Tuesday, May 15, 2012

Lord, Teach Us To Pray! Part 70

Answered Prayers continued...

The faith which manifests itself by trusting God, and living with the expectancy of having our prayers answered, is often times tested. I realize full well that few want to hear it but the word of God tells us, and repeatedly so, that our faith will be tested and must be tested.

Sometimes we pray, we ask, and want to receive that which we ask for instantaneously. Although patience is a virtue, it is not a widespread one, and when we pray, if more than thirty seconds passes between the time we say ‘amen’ and the time God answers our prayer, we begin to grow impatient, irascible, and irritated.

Once, there was a little boy who watched his mother as she planted flower bulbs in her garden. He watched as she dug a hole in the earth, put the bulb in the hole she’d dug, and covered it with soil, patting it gently. The little boy was so intrigued by all he saw his mother doing that he finally went up to her and said, ‘I want to plant a flower too.’

The mother gave him a bulb all his own, and the little boy went off in a corner, dug a hole as he’d seen his mother doing, put the bulb inside, covered it with soil, and patted it exactly as she’d done. Satisfied with himself and the job he’d done, the little boy walked away.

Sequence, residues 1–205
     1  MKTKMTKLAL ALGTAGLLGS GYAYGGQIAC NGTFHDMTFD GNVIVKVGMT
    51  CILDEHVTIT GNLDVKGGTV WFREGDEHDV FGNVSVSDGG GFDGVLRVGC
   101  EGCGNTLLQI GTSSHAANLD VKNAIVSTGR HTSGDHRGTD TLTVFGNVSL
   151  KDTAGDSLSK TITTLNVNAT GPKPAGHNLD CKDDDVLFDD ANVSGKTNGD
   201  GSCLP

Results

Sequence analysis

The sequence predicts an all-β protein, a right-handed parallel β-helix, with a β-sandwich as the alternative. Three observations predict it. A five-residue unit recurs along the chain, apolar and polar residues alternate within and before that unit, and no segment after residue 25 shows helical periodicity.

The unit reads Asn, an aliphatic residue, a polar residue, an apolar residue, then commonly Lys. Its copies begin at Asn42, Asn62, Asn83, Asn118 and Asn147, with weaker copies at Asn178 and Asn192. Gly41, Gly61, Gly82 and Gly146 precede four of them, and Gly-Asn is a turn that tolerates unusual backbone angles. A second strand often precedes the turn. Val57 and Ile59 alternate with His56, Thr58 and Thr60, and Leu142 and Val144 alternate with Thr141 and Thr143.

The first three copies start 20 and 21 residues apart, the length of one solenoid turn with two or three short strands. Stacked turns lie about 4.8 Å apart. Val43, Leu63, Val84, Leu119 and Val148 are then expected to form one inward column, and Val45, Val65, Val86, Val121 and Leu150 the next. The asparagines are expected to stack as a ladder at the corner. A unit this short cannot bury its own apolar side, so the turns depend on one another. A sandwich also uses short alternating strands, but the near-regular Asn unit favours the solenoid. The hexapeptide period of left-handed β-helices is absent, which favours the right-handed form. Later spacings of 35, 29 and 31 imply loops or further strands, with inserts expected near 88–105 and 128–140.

The next morning while the mother was checking on her garden she saw the little boy digging in the dirt with a stick in the exact place he’d planted his bulb.

‘What are you doing?’ the mother asked.

‘My flower didn’t grow’ the boy said, ‘I wanted to make sure it was still there.’

Our prayers are like flower bulbs. We plant them, but we must have the patience to watch them bloom and grow. Often, we act like the little boy, constantly checking to see if the bulb we’ve planted is still there, because by our estimation the flower isn’t growing nearly fast enough.

Your duty is to plant the bulb - to pray the prayer; God’s area of expertise is making the bulb bloom into a flower at its given time - or answering your prayer exactly when it ought to have been answered.

If I trust Him, I bring my petition before Him and then I wait.

Psalm 37:5-7, “Commit your way to the Lord, trust also in Him, and He shall bring it to pass. He shall bring forth your righteousness as the light, and your justice as the noonday. Rest in the Lord, and wait patiently for Him.”

God is not hard of hearing. He doesn’t get distracted. He is not bothered by multi-tasking, so when you pray to Him, know that He has heard your prayer. Commit your way to the Lord. Tell Him what’s on your heart, bring your needs before His throne of mercy, cry out to Him for strength, for comfort, for healing, or whatever else you might need, then rest in Him and wait patiently for Him.

He will bring it to pass. He will answer your prayer, but in His time, in His way, and for His purpose. We cannot grow impatient with God or disillusioned because the answer we expected of Him is not the answer we received from Him.